As I begin a series of tests on the Aava prototype phone today, the first thing I wanted to get out of the way was a Sunspider javascript test. It’s CPU-intensive and forms an important part of the chain of events that take place to get a web application displayed on your browser. Yes, it’s one of many variables but it’s a good indicator of CPU performance.

I’ve been recording SunSpider tests for a long time now (feel free to contribute to that list) and have been very impressed by the way that both hardware and software improvements have brought the figures down. In the ARM-based world, the best-in-class devices are producing SunSpider results in less than 10 seconds (iPad, iPhone 4) with some new devices even reaching down to sub 6 seconds [See title reference.] In the world of Intel, netbooks are producing Sunspider results of about 2 seconds (using the latest Chrome build.)

SunScript - Netbook_ Morestown Phone.JPG

Click to enlarge.

Above is the result for the Aava phone I’m testing at the moment. 4215ms. It runs on Intel’s Moorestown platform at 1.5Ghz and uses the same CPU as you find in netbooks. Running Sunspider on the latest Firefox build on the netbook and the Firefox Mobile build on the MeeGo-based Aava phone you can see the difference is marginal. 4.2 seconds for a prototype phone is quite impressive. The figures confirm the CPU speed and also confirm that the sunspider score is likely to drop to around 2 seconds with the latest Chrome or Android browser build. Try Sunspider on your phone or PC browser to see what score you get. For reference, I use a ultra mobile PC as my desktop PC. It runs a 1.6Ghz Atom CPU and returns a score of about 4.1s. True desktop PCs will come in at below 0.5s

We really are talking PC-power here but there are two things we must not forget. 1) Multi-core ARM-based devices are round the corner too. A dual-core 1.2Ghz Snapdragon platform is likely to reach right down to the 2-3s range. 2) We must also remember that if you were to run this test continuously on these high-power platforms, you are likely to have a dead phone in just a few hours!

Managing Expectations (Aava / Intel Moorestown Phone)

I was a bit surprised by the reaction to my post and tweets about the Aava Intel/Moorestown/MeeGo phone this afternoon. Engadget and Wired picked it up and did a sensible job of reporting that it’s a prototype but there are a lot of people out there that might not understand what this hardware and software really is.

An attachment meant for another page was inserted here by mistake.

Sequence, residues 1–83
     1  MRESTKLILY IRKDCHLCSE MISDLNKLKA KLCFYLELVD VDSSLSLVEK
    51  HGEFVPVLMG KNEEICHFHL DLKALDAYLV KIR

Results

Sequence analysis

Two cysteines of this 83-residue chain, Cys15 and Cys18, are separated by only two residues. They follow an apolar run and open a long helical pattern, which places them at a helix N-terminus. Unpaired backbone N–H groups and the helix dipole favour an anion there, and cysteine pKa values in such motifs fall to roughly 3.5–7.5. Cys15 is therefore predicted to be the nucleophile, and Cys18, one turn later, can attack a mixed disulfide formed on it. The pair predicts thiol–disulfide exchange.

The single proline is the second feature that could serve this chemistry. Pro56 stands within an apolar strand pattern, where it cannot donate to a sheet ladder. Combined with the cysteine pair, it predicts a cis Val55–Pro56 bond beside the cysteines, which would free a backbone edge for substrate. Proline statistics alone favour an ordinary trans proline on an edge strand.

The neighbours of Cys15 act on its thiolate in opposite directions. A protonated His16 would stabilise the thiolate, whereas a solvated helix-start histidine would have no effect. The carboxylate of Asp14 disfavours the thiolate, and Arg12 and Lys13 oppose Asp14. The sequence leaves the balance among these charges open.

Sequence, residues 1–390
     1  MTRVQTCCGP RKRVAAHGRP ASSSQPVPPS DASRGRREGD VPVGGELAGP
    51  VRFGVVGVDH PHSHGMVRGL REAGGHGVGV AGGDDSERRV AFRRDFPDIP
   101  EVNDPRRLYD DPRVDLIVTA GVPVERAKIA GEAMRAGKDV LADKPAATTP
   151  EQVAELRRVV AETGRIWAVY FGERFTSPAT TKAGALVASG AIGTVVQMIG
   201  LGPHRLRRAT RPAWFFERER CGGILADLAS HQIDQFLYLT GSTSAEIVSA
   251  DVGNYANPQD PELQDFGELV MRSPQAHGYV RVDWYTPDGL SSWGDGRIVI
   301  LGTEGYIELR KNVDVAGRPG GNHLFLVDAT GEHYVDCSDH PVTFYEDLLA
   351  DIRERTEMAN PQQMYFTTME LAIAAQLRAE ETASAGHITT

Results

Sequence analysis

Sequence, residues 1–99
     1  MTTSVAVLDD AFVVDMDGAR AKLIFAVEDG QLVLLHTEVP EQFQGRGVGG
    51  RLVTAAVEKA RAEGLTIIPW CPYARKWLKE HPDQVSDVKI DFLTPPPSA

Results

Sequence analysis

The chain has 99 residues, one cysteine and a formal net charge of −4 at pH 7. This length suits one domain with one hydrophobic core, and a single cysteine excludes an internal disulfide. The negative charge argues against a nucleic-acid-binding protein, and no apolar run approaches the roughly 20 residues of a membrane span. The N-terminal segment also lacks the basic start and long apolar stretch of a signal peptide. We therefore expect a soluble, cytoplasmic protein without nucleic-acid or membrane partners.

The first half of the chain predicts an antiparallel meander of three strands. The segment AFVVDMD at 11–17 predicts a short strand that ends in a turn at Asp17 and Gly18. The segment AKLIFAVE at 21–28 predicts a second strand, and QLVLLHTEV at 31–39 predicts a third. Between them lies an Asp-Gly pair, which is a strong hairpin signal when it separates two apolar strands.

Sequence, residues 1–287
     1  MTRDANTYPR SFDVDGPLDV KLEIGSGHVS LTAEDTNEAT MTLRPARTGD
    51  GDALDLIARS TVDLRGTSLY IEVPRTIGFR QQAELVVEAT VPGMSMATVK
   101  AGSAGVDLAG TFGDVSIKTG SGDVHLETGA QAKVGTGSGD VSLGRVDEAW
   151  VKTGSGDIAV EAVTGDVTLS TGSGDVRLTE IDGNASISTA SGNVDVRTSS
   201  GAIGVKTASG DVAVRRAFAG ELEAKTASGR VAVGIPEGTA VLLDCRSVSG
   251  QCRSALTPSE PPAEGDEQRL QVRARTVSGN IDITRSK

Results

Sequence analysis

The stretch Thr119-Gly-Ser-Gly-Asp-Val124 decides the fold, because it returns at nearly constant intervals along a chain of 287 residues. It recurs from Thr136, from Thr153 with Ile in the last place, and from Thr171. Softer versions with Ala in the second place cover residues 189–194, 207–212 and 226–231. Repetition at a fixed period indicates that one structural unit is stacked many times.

The issue is that the Aava phone is actually a reference design and development platform and it is unlikely to be a phone you’ll ever be able to buy. It’s likely to have had some financial and engineering input from Intel and will have already been distributed to some major customers in order for them to asses the platform.

As far as I understand it, the Aava phone was made to stimulate mobile phone hardware manufacturers and to help developers get on with the top-priority job of building¬† class-leading mobile operating systems, applications and user interfaces, namely MeeGo, Android and the related user interface ‘experiences’¬† and overlays.

So on to the ‘experience’ I have in my hands here. At the most, i’ll be able to show you the look and feel of the user interface, give you an idea of how Fennec, the built-in browser, performs on the Moorestown platform, show you around the Aava hardware (good for those thinking of paying the probable $1K – $2K for the development kit) I don’t expect the software stack to include any closed-source video codecs and for that matter, no commercial software that’s not part of the core MeeGo build and there’s no-way i’ll be able to get a feel for battery life as we don’t know how well the current software couples with the dedicated power control chip.

The Aava phone represents a true moment in computing history and i’m honored to be able to report on it but let’s not forget, this isn’t anything like retail-quality hardware or software yet.¬† MeeGo 1.1 is due for release in October so you can imagine the timescales for products and it’s already known that Intel expects tablets to be released with MeeGo before phones are.

Hardware and software build kindly loaned by Intel Germany and largely enabled through my participation in the ‘Intel Insider’ program.

MeeGo Phone (Aava / Moorestown) Arrived

Just a quick post because I need to get away for an appointment this afternoon. For the next 48 hours i’ll have the Intel Moorestown-based Aava prototype phone. It’s a development platform running MeeGo core and an alpha-quality UI so don’t expect miracles here but I can see that at least Wifi and the browser are working so there’s at least something to demo. Stay tuned for a video look at the user interface, a few apps and maybe a look at the device from the command line. All coming up over the next 48 hours.

MeeGo 1.1 on Aava/Intel Smartphone. Live Pics


As the epicenter of Intel’s work on a mobile operating systems shift slightly towards Europe, being here as an Intel Insider becomes a major advantage. On Tuesday I had the pleasure of attending a tweet-up with Josh Bancroft in Munich and today, we’re the recipients of some live images of MeeGo 1.1 and the handset UX running on an Intel-based (Moorestown) phone from Aava. The team responsible for some of the technical aspects of MeeGo and mobile platforms in Europe is obviously working hard and we look forward to meeting them at the MeeGo Summit in November but in the meantime, they’ve been kind enough to send over some images of one of the phones they are testing.

It’s images only at the moment but if everything we might goes to plan, we’ll be able to give you something special next week. Stay tuned!

MeeGo 1.1 Home Screen MeeGo 1.1 applications

MeeGo 1.1 Dialer MeeGo 1.1 Handset UX Aava Phone with MeeGo 1.1

Click through for full size images of the home screen, dialer and applications switching. There’s a signature style here and I like the little MeeGo people! Once again, stay tuned for more next week.